You needn’t even be a big smoker to know that April 20 (4/20) is an international holiday with celebrations in many ‘westernized’ countries.
But few know how the number became synonymous with recreational THC-cannabis use, or who popularized the date April 20th as the “marijuana holiday.”
What Does ‘420’ Mean?
There are many folk tales about how 420 gained its significance, like:
It refers to the number of chemical compounds (cannabinoids) [Link to one of our cannabinoid posts] found in the cannabis plant.
If you take the Bob Dylan song “Rainy Day Women #12 & 35” and multiply the numbers, you get 420.
The number comes from the U.S. House Bill to legalize THC cannabis.
It’s the code among police officers to refer to “marijuana smoking in progress.”
It’s named for the day Bob Marley died (he passed on May 11th)
April 20th is the best time of year to plant your cannabis (This may be true, depending on your climate)
The History of ‘420’
The most believable story takes us back to San Rafael, California in 1971. It was here, in a small bay area city, where a group of high school friends, lovingly named “Waldos” for their affinity of leaning on walls, started smoking cannabis.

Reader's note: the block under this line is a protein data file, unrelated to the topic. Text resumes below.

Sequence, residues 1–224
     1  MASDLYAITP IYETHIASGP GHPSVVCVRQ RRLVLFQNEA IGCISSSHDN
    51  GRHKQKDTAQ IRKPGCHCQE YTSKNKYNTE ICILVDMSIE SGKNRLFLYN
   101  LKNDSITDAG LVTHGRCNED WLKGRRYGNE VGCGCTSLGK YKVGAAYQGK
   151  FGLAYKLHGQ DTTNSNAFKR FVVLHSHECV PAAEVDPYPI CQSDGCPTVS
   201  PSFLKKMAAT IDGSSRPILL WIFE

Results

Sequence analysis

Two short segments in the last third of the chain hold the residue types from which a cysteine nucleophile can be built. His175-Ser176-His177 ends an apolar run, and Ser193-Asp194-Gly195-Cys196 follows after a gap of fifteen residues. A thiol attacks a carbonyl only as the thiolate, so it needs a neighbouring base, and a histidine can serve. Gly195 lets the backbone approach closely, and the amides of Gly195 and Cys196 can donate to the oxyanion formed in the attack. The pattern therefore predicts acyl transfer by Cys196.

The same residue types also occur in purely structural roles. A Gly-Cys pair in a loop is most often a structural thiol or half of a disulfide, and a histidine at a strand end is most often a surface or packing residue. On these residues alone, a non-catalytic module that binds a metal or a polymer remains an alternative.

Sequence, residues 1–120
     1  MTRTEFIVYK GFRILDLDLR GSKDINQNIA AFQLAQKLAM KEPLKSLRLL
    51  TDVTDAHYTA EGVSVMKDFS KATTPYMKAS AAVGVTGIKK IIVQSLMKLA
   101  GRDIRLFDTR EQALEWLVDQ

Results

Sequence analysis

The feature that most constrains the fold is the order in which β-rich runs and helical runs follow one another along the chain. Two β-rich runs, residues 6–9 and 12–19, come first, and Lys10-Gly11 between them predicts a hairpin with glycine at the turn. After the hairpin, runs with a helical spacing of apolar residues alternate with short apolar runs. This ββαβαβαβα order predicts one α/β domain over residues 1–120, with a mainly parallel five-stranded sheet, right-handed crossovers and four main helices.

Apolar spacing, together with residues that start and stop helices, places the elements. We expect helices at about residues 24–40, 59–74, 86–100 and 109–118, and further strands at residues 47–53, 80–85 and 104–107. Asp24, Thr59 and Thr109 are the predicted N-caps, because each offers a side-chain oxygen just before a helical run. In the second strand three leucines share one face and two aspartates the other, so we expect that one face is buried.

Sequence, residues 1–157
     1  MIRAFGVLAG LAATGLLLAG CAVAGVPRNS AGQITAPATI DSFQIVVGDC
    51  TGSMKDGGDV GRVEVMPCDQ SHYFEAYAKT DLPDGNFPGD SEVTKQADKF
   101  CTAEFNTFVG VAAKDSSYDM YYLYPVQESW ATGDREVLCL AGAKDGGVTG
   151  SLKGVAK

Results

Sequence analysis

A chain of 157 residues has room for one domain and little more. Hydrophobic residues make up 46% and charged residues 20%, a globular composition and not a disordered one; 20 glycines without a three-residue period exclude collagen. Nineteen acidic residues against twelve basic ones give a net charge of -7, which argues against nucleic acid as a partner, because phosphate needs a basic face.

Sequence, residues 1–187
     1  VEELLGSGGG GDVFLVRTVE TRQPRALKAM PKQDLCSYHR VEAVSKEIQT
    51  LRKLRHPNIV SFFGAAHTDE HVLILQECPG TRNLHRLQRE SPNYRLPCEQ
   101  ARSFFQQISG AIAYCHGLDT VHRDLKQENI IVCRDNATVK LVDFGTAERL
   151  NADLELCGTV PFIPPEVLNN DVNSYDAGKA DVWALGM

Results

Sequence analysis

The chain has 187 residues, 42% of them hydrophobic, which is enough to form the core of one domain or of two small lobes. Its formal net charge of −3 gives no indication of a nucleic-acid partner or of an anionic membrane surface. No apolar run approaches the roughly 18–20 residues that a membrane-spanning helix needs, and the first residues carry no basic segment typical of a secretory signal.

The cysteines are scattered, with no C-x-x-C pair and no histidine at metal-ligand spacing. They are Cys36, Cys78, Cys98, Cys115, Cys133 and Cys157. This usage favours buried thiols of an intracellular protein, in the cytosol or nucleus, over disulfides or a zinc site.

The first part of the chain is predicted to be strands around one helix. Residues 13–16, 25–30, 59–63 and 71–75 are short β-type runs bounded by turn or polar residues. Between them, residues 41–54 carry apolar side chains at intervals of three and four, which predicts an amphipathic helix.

Nixon’s War on Drugs started the same year as a means to control organized youth movements and political opponents to the Vietnam war. Cannabis, a favorite among the coming-of-age baby boomer generation became the top target.
The Waldos needed some way to communicate with one another about their after-school intentions. “4:20 Louis” meant ‘meet at the campus’s statue of Louis Pasteur after class.
One Waldo is quoted in the San Francisco Chronicle as saying “ was just a joke, but it came to mean all kinds of things, like, ‘Do you have any?’ or ‘Do I look stoned?”
How ‘420’ Went Mainstream
One of the Waldos, Dave Reddix, would go on to work with the Grateful Dead’s Phil Lesh as a roadie. The band is believed to help popularize ‘420’ among its audiences, even going so far in 1990, as to hand out flyers that invited fans to smoke ‘420’ on April 20 at 4:20 ᴘ.ᴍ.
(As some of us at Sunset Lake are former dairy farmers we want to give a huge shoutout to Louis Pasteur)
As Deadheads traveled, so too did ‘420.’ A year after the flyer in 1990, a reporter for High Times Magazine printed the invitation and the number picked up steam, continuing to grow over the last 30 years.